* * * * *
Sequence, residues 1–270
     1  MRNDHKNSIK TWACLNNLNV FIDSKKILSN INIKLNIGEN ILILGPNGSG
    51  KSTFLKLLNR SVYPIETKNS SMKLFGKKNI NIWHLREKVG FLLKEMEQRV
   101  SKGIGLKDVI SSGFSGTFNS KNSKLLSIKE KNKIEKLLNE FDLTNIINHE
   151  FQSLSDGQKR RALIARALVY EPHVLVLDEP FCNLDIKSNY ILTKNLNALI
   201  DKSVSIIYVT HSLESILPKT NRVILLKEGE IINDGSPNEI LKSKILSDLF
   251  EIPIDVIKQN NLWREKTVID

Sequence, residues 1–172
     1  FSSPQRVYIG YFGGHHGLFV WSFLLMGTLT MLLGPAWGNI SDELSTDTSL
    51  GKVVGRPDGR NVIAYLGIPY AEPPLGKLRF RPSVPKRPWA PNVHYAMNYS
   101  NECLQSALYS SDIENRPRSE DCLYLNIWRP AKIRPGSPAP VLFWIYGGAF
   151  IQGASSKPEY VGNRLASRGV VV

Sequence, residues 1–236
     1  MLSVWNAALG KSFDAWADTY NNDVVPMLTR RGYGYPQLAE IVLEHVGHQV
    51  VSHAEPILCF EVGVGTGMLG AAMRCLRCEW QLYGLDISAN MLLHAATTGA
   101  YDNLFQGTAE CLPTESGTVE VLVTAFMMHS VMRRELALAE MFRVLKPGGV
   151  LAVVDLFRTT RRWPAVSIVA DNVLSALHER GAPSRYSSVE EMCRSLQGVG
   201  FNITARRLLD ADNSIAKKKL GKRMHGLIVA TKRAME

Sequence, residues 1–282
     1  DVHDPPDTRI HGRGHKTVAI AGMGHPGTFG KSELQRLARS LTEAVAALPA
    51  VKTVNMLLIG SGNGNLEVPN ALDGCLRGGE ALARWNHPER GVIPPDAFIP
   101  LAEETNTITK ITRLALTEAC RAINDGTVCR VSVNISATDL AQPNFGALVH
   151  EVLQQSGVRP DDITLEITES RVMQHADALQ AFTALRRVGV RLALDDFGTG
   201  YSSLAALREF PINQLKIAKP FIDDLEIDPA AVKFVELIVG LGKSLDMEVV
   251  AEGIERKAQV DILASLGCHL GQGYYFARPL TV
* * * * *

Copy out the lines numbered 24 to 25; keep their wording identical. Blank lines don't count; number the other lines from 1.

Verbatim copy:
   201  YSSLAALREF PINQLKIAKP FIDDLEIDPA AVKFVELIVG LGKSLDMEVV
   251  AEGIERKAQV DILASLGCHL GQGYYFARPL TV